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Trump Declares War On America-- Should He Be Executed Or Just Imprisoned For Life? You Decide


The Trumps will continue to haunt the United States for decades to come


I'm not fan of Biden's, but, let's face it-- his team is moving to stave off multiple catastrophes while Trump is working to guarantee those same catastrophes... and while most Republican elected officials pretend not to notice anything is amiss. Nearly half a million more cases of COVID have been reported by states since Friday. We've had two days in the last week with one day totals exceeding 200,000. A few weeks ago I predicted that by the time Trump was booted out of the White House, one in ten North Dakotans will have or have had COVID. That predication moves up to this week-- with South Dakota right behind them-- and certainly long before Trump is down in Mar-A-Lago fighting extradition to New York.

How many states have zero ICU beds left? Some states are gradually starting to make the painful decision to begin shutting down again, ensuring a worse recession than the one Trump has already baked into the cake. Biden's team, hobbled by a vicious and vindictive Trump, is pushing to be able to hit the ground running on Jan. 20... which seems a very long way off with Trump still nursing his wounds and plotting revenge against Biden, against Fox, against Republicans who he feels aren't helping him with his coup attempt and, most of all, against the American people who voted him out of office, making him the biggest loser of the biggest loser year.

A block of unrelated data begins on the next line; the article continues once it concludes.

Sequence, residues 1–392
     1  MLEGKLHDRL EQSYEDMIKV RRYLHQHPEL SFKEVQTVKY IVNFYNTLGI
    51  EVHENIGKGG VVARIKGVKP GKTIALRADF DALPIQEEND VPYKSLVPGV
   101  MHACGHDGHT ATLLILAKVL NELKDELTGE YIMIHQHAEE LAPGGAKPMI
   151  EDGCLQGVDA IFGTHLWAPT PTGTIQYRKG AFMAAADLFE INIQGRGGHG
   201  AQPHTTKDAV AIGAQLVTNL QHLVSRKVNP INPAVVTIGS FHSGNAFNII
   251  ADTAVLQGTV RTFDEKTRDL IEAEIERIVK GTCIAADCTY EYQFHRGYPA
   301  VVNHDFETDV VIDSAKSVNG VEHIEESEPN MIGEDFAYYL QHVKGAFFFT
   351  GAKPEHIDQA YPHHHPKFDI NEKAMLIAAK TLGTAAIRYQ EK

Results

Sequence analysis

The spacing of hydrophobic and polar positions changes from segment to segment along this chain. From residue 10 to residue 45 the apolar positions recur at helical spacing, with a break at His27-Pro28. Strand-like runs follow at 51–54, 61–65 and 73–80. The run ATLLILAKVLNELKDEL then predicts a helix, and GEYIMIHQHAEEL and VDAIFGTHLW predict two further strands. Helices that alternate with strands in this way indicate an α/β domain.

Yesterday, NY Times reporters Jim Tankersley and Emily Cochrane wrote that Team Biden is planning for a double dip recession early in the new year and "are pushing for Democratic leaders in Congress to reach a quick [lameduck session] stimulus deal with Senate Republicans, even if it falls short of the larger [$2 trillion] package Democrats have been seeking... Many of the president-elect’s advisers have become convinced that deteriorating economic conditions from the renewed surge in Covid-19 infections and the looming threat of millions of Americans losing jobless benefits in December amid a wave of evictions and foreclosures require more urgent action before year’s end. That could mean moving at least part of the way toward Mr. McConnell’s offer of a $500 billion package.


Biden’s team is also considering a range of other policy options for fighting a renewed downturn and the prospect of rising unemployment when he takes office, according to the people familiar with his plans. Some of them, like a sweeping spending bill that includes all or large parts of his campaign proposals for infrastructure, could depend on Democrats winning Senate control in two special elections in Georgia in January.
Others would not require Congress. Mr. Biden’s aides have weighed having the president-elect announce in the coming weeks that he will sign executive orders on his first day in office extending moratoriums on evictions and foreclosures, and deferrals of some student loan payments that are set to expire at the end of the year, the people familiar with the discussions said. He could also announce that he will sign an order providing a more gradual schedule for repayment of payroll taxes that some employers, including the federal government, had deferred into 2021 under an executive order issued by President Trump.
Such orders could lessen or avoid an economic cliff of expiring protections for renters, homeowners and some borrowers, which experts fear could hasten an economic contraction.